How I remember that cold morning in 1940. Ginger and I were in the Officers Mess. 'We really must get this mess cleared up,' I said. Suddenly the alarm! 'Scramble, Ginge, scramble!' I shouted. 'Oh dear,' he said, turning from the eggs. 'I've just started to fry them.'' Sometimes I have my doubts about Ginge...
Of all the aircraft in the history of aerial combat, the Supermarine Spitfire has the greatest aura of romance and adventure, bar none. Of revolutionary design, with a top speed of 350 mph and amazing manoeuverability, it became an integral part of Britain's airborne defence against Hitler. How many thrilled to the sight of this huge mechanical bird locked in deadly combat over the fields of Kent during the Battle of Britain?
Flight simulators are always among the first software releases for a home computer, but they've recently gained a new lease of life by giving you something to do once you get up into the air other than just flying from airfield to airfield. That something is... killing people! Now's your chance to test your canine canniness in a dog fight to the death against the beastly Boche, in what appears to be an accurate version of the Spitfire, with only minor compromises for the computer.
We've come to expect polished presentation from Mirrorsoft and this is no exception. The twenty four page booklet contains not only excellent clear instructions and step by step guides to getting off the ground and what to do when you find Adolph up your exhaust, but also a brief note on the theory of flight and a history of the plane (from which I cribbed the above potted facts...). There's also a four page insert containing the important controls and details, such as how to regain control if you foul up.
This attention to detail continues in the program, with separate options for Spectrum and Spectrum + keyboard controls! And the atmosphere is there too. Although you start with no flying hours, once you've made a successful landing you can save your log which provides continuity of character. Be warned though, as you rack up the hours you'll find the program becomes less forgiving of your errors, increasing your chances of pranging the crate - a nice way of handling difficulty levels.
There are two practice modes, for flying and combat, but the real test comes when you leap into the cramped cockpit, throw out a cramped cock or two, and rev up the engine - which sadly sounds more like a gnat in your helmet thanks to the legendary Speccy sound! Space toggles between the instrument panel and the cockpit view. So, taking note of where you can expect to encounter the Hun (in feet and compass bearing), it's up, up and away - probably instrument flying until you're in the danger zone. Actually the cockpit view is fairly bare, though Mirrorsoft claims you may eventually be able to use landmarks for navigation.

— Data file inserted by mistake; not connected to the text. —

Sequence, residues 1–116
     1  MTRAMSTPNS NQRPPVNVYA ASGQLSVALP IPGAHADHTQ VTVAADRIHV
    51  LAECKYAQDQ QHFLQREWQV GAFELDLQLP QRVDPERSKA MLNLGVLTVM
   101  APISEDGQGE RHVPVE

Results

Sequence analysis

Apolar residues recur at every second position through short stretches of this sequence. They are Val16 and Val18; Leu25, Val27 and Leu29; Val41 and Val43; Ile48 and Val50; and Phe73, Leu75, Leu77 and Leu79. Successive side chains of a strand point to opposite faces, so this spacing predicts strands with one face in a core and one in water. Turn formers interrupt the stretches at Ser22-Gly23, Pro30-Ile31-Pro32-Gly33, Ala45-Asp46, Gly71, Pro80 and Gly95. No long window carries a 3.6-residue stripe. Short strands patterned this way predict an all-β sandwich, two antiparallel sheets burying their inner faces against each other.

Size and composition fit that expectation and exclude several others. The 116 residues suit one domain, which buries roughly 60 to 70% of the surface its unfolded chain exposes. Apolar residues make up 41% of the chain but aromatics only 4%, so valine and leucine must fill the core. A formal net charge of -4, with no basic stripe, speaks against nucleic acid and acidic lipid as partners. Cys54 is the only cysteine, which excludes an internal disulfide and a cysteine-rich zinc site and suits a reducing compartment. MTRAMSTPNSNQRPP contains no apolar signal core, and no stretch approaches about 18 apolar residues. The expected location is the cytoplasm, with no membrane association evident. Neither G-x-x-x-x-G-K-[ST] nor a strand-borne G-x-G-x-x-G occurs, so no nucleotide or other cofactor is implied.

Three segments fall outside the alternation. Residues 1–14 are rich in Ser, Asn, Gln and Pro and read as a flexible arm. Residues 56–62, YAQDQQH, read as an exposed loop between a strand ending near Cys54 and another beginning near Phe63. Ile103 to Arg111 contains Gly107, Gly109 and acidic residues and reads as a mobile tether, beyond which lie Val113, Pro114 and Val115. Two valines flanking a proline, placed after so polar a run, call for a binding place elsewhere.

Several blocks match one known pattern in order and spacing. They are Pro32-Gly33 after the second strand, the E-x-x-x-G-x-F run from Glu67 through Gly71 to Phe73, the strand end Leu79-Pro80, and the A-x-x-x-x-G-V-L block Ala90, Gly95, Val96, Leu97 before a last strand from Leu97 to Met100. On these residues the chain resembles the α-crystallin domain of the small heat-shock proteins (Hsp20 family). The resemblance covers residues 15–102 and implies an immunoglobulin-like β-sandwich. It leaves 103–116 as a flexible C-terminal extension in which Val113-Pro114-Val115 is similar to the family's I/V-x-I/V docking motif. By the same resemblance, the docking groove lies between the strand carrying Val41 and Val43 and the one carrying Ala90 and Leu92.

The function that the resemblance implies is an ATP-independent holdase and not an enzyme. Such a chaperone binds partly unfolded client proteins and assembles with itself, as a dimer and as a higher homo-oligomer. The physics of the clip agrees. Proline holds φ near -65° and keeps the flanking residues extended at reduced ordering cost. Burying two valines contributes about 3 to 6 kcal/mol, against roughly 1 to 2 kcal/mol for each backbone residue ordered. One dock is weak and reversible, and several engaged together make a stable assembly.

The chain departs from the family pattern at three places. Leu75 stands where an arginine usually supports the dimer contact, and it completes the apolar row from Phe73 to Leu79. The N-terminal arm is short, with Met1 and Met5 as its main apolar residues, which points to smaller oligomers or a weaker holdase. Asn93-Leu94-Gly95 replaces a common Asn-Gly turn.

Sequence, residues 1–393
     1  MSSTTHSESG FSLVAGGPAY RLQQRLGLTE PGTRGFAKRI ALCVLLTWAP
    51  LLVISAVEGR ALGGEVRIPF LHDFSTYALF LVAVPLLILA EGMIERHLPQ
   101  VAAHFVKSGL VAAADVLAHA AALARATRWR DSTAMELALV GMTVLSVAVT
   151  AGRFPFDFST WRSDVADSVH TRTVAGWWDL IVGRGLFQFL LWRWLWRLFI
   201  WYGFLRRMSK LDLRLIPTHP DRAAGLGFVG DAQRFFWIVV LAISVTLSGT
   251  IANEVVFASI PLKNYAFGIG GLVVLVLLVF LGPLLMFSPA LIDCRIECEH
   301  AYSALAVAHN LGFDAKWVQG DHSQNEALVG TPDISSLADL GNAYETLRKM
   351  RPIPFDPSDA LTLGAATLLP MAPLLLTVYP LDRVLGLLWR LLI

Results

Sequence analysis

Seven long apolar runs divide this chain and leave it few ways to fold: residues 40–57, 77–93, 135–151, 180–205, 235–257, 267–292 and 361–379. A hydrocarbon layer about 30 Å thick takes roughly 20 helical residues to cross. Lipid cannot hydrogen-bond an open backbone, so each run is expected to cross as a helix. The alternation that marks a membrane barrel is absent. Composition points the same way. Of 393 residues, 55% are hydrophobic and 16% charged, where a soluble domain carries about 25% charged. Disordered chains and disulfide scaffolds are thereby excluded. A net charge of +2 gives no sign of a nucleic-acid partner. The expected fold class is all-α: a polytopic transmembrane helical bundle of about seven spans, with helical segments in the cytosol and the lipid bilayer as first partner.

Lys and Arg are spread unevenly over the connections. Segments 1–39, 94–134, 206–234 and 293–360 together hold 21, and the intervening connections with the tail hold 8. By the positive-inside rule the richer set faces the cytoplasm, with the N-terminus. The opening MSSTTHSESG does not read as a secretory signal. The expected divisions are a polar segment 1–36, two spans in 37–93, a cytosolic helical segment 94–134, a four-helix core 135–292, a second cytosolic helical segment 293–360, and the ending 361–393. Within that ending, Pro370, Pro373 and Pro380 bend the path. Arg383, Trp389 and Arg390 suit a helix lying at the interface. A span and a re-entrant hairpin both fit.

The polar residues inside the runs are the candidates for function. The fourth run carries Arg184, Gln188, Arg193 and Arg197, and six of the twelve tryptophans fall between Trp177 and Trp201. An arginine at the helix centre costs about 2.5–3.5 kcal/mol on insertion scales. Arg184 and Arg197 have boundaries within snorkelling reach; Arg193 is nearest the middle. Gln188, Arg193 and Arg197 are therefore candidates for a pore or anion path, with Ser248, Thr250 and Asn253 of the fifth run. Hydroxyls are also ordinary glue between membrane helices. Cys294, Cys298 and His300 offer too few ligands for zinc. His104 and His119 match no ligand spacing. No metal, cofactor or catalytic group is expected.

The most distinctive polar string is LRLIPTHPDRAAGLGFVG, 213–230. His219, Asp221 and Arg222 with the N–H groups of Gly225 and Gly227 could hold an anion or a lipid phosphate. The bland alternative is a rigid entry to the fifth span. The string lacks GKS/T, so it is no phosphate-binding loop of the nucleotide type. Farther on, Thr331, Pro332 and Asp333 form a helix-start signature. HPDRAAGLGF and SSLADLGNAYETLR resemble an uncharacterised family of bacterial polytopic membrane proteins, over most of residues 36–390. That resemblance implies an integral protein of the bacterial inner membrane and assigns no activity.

It's probably easier to use the map screen, again accessed by a single key stroke. Then it's war in the air and machine guns blazing as you try to out-manoeuvre the enemy. Here it's the screen view almost all the way and I found it as exciting as any arcade game, suddenly looping over to put a plane that was tailing me directly into my sights. You have to learn to pre-judge targets though and their tactics are cleverly programmed too.
Mission accomplished (and it's not that easy), it's back to base to swop stories of the Heinkel that nearly got away, with a few more flying hours to your credit. Spitfire 40 is a friendly program, not nearly so difficult to get into as some earlier simulators, and it's very engaging with its role playing element.
I snapped on the 'For Hire' light and prepared to taxi up the runway. 'Chocks away, Ginge!' I yelled. 'Aww - and I've only got the coffee cream and that's my favourite. he said. Quite seriously, I have my doubts about him.
Yet another rerelease - where did all the new games go? - this time of an ancient (1985) Mirrorsoft flight sim. Yes, it's back to World War II, complete with banter, enormous moustaches and chaps called Boffos and Pongo. Sadly for the Binkys and Boffos in Spitfire '40, however, this sort of game format (if 'game' it truly is) has long since been mastered by those flying jacket types at MicroProse, and this one looks a little tatty in comparison. That said, it's not bad value for three quid (although two quid would have been nearer the mark). After all, you get eight pages of instructions with the blighter, so there's go to be something to it. But any game that differentiates in the controls section between playing on a Spectrum keyboard and playing on a Spectrum + keyboard has got to be something of a dinosaur, and Spitfire is suitably wrinkly. not even a hastily applied bit of Oil of Ulay would make much difference - euthanasia would be infinitely kinder. A close decision, but down onto the pavement it goes!
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